In terms of emerging technologies in the gas power realm (read: gas turbines), I do not have anything new to add to those ably covered in an earlier POWER article (see “Gas Turbine Technology Advances That Could Boost Their Future Relevance” in the October 2021 issue). I would also like to draw readers’ attention to a National Academies report, Advanced Technologies for Gas Turbines (2020), which is publicly available. (I was one of the contributors.)

At the end of the day, for a technology that started in earnest in the 1930s with the pioneering work of Dr. Hans von Ohain and Sir Frank Whittle, to expect proverbial “eye-popping” advances is naive. In the last three decades, the admirable increase in gas turbine combined cycle (GTCC) efficiency from the low 50s (percent LHV) to above 60% can be attributed almost exclusively to the increase in turbine inlet temperatures (TITs) from 1,300C to 1,700C, which, of course, was primarily driven by advances made in metallurgy, manufacturing (such as single-crystal super-alloy hot-gas-path components, including stator vanes and rotor blades), and cooling techniques.

In early 2023, the goal post is set at 65% net GTCC efficiency, which, at least based on the published ISO baseload rating claims of major original equipment manufacturers (OEMs), is not too far ahead. The next target—70%—will require new tricks, including a change in the underlying Brayton cycle. In the past, attempts to do just that, including through external (steam) cooling of the hot gas path and reheat combustion, failed to make a big dent in performance. Although proven in the field, both attempts fizzled commercially due to complex designs with unfavorable operability and installed (and maintenance) cost implications. On paper, both technologies can make a significant contribution to cover the five percentage points from 65% to 70%. However, it is quite unlikely that the OEMs will dust off either technology. (Note that “sequential combustion” gas turbines are still being offered by two OEMs and steam cooling of stationary parts is still a feature in one OEM’s product line.)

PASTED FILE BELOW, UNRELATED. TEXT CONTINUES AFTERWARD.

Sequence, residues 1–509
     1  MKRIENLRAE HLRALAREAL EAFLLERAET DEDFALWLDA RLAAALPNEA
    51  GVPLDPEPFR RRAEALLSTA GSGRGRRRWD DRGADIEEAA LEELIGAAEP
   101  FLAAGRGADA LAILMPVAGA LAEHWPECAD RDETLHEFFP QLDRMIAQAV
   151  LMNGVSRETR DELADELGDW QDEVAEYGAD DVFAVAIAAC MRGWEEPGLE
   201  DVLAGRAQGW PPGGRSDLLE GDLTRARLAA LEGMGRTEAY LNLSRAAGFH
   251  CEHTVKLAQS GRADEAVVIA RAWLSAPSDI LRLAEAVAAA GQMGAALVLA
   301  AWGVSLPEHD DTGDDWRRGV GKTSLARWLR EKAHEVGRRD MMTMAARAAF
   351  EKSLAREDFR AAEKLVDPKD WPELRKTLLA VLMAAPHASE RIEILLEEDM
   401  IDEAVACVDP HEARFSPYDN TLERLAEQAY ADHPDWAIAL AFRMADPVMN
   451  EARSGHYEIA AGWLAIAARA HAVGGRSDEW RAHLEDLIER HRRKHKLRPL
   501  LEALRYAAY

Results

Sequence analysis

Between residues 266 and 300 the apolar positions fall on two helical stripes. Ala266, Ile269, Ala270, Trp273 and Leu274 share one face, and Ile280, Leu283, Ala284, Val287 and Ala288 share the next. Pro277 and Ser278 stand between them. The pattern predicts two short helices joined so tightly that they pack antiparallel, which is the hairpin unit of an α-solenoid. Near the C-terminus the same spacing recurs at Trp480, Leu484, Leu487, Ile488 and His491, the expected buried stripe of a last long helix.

The only other cycle modification that can really lead to an appreciable efficiency uptick is “constant volume combustion.” (Note that the conventional gas turbine Brayton cycle is an ideal proxy for “constant pressure combustion.”) To date, the best possible approximation of this ideal is detonation combustion (as opposed to the deflagration variant in modern dry-low-NOx [DLN] combustors). Pulsed detonation combustion has been on the table since the 1950s primarily for aircraft propulsion applications.